A US judge has postponed a ruling in the Google Books settlement case. District judge Denny Chin said that he needs more time to examine the case before giving a decision.
"To end the suspense, I am not going to rule today," he said. "There is too much to digest."
The ruling is the latest twist in a five-year battle over the Books service. Google hoped that it had settled the matter in 2008 when it reached a $125m (£81m) settlement with publishers.
But the deal was roundly criticised by opponents of the service, and was eventually challenged by the US Department of Justice.
One of those opponents is the Open Book Alliance, a group comprising competitors to Google such as Amazon and Microsoft. On Thursday the group again blasted the settlement.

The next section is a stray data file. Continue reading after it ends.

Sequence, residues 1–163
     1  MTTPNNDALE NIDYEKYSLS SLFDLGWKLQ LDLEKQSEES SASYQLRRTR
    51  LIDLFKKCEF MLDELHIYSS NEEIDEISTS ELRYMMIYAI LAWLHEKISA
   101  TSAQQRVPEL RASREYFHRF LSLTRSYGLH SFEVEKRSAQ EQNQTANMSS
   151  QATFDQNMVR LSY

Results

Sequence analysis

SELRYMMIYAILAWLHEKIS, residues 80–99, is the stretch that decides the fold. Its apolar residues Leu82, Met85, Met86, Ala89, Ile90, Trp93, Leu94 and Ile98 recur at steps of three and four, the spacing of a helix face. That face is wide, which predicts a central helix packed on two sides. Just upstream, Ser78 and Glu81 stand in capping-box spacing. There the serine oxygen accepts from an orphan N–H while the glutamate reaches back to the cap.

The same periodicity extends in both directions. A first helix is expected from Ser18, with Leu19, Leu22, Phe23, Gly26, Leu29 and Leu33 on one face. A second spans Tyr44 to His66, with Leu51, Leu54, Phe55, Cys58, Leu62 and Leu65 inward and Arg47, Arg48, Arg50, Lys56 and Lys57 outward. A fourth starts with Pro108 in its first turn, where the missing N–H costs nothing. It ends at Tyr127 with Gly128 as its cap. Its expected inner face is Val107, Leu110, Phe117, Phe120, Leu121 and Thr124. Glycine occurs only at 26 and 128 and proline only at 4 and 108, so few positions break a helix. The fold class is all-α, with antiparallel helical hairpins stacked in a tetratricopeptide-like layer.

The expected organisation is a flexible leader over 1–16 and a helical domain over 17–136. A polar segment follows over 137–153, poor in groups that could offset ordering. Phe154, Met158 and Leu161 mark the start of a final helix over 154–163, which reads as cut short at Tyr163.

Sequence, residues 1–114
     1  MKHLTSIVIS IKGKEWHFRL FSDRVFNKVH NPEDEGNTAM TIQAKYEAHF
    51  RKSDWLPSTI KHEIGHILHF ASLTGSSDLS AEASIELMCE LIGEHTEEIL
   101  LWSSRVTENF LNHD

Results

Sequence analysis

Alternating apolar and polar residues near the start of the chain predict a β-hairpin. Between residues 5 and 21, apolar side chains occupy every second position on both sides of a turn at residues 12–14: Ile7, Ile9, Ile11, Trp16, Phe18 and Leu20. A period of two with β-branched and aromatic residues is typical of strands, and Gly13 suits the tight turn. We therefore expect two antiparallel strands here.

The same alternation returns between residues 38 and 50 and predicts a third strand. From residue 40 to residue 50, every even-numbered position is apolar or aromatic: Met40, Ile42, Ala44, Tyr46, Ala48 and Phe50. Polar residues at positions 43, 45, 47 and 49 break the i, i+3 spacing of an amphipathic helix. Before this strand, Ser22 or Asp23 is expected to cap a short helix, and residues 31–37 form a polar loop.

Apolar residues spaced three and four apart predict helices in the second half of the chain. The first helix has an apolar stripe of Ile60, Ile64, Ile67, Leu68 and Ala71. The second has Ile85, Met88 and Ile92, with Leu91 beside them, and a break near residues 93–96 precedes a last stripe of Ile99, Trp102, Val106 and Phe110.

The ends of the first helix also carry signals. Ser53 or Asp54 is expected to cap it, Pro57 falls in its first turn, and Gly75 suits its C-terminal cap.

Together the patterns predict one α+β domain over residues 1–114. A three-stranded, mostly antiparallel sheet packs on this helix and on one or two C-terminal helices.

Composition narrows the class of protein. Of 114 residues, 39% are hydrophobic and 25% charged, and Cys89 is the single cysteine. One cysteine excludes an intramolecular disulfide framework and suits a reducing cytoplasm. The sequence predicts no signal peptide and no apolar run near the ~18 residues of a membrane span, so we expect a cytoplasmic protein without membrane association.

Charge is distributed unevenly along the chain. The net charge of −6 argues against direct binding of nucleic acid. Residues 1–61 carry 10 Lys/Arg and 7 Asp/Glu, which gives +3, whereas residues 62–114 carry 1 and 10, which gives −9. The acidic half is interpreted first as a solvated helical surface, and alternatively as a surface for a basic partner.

"The Open Book Alliance believes that Google has achieved a de facto exclusive licence that will provide the company with an enormous advantage over its search competitors," the group said.
"This was not achieved through the operation of normal market forces, but through Google's disregard for copyright holders' rights and the attempt to manipulate the class action process."
Not everyone is opposed to Google Books, however. The UK-based Publishers Association issued a statement in support of the deal.
"This case has raised significant questions, not just for the publishing industry, but in relation to the general issue of rights and ownership in the digital age," said Publishers Association chief executive Simon Juden.
"By supporting the settlement, we have been able to play an active role in negotiations, ensuring a better deal for publishers and greater control for all UK rights holders over their works."
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